Uremia increases QRS duration after β-adrenergic stimulation in mice
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Chronic kidney disease (CKD) and uremia increase the risk of heart disease and sudden cardiac death. Coronary artery disease can only partly account for this. The remaining mechanistic links between CKD and sudden death are elusive, but may involve cardiac arrhythmias. For the present study, we hypothesized that a thorough electrophysiological study in mice with CKD would provide us valuable information that could aid in the identification of additional underlying causes of sudden cardiac death in patients with kidney disease. Partial (5/6) nephrectomy (NX) in mice induced mild CKD: plasma urea in NX was 24 ± 1 mmol/L (n = 23) versus 12 ± 1 mmol/L (n = 22) in sham-operated control mice (P < 0.05). Echocardiography did not identify structural or mechanical remodeling in NX mice. Baseline ECG parameters were comparable in conscious NX and control mice; however, the normal 24-h diurnal rhythm in QRS duration was lost in NX mice. Moreover, β-adrenergic stimulation (isoprenaline, 200 μg/kg intraperitoneally) prolonged QRS duration in conscious NX mice (from 12 ± 1 to 15 ± 2 msec, P < 0.05), but not in sham-operated controls (from 13 ± 1 to 13 ± 2 msec, P > 0.05). No spontaneous arrhythmias were observed in conscious NX mice, and intracardiac pacing in anesthetized mice showed a comparable arrhythmia vulnerability in NX and sham-operated mice. Isoprenaline (2 mg/kg intraperitoneally) changed the duration of the QRS complex from 11.2 ± 0.4 to 11.9 ± 0.5 (P = 0.06) in NX mice and from 10.7 ± 0.6 to 10.6 ± 0.6 (P = 0.50) in sham-operated mice. Ex vivo measurements of cardiac ventricular conduction velocity were comparable in NX and sham mice. Transcriptional activity of Scn5a, Gja1 and several profibrotic genes was similar in NX and sham mice. We conclude that proper kidney function is necessary to maintain diurnal variation in QRS duration and that sympathetic regulation of the QRS duration is altered in kidney disease.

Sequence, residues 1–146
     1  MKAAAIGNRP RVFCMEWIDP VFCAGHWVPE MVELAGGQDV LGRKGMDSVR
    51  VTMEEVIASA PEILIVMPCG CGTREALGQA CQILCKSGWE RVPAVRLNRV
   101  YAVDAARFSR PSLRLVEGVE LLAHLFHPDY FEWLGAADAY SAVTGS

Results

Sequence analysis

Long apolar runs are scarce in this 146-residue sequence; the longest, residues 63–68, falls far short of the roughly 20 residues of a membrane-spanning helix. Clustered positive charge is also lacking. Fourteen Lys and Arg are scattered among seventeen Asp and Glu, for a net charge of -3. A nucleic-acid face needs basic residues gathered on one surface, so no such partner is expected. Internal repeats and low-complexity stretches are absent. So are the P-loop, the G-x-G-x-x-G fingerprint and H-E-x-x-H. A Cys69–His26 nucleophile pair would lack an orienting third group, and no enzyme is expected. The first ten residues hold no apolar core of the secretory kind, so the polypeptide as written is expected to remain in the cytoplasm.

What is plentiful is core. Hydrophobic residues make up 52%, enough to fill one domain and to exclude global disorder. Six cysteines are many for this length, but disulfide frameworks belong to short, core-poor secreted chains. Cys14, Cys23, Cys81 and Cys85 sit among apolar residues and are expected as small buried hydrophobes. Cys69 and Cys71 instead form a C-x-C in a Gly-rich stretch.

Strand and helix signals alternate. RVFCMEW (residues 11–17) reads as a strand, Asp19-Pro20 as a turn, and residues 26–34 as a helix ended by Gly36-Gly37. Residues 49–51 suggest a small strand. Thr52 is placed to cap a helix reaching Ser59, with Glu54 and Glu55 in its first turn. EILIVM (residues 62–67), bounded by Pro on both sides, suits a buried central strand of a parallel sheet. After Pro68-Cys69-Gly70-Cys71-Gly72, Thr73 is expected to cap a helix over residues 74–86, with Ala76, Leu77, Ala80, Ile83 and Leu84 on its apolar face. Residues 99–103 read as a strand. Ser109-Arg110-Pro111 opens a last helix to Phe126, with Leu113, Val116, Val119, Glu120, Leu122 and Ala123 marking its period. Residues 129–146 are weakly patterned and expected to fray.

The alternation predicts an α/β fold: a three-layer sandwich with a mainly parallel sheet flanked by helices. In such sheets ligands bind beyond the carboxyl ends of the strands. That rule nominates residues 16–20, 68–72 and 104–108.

|Status||Udgivet - 1 jul. 2018|
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